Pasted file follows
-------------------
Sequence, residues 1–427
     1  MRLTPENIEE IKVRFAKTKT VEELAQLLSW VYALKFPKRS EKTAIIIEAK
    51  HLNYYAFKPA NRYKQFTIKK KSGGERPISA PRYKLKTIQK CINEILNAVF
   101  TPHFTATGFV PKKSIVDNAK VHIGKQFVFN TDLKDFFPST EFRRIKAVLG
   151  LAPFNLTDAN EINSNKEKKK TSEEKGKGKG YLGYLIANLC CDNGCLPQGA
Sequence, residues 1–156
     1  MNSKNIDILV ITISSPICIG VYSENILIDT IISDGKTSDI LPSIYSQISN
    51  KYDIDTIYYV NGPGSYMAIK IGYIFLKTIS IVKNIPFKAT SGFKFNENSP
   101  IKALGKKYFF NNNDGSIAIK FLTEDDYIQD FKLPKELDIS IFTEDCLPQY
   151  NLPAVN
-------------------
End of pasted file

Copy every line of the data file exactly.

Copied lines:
Sequence, residues 1–427
     1  MRLTPENIEE IKVRFAKTKT VEELAQLLSW VYALKFPKRS EKTAIIIEAK
    51  HLNYYAFKPA NRYKQFTIKK KSGGERPISA PRYKLKTIQK CINEILNAVF
   101  TPHFTATGFV PKKSIVDNAK VHIGKQFVFN TDLKDFFPST EFRRIKAVLG
   151  LAPFNLTDAN EINSNKEKKK TSEEKGKGKG YLGYLIANLC CDNGCLPQGA
Sequence, residues 1–156
     1  MNSKNIDILV ITISSPICIG VYSENILIDT IISDGKTSDI LPSIYSQISN
    51  KYDIDTIYYV NGPGSYMAIK IGYIFLKTIS IVKNIPFKAT SGFKFNENSP
   101  IKALGKKYFF NNNDGSIAIK FLTEDDYIQD FKLPKELDIS IFTEDCLPQY
   151  NLPAVN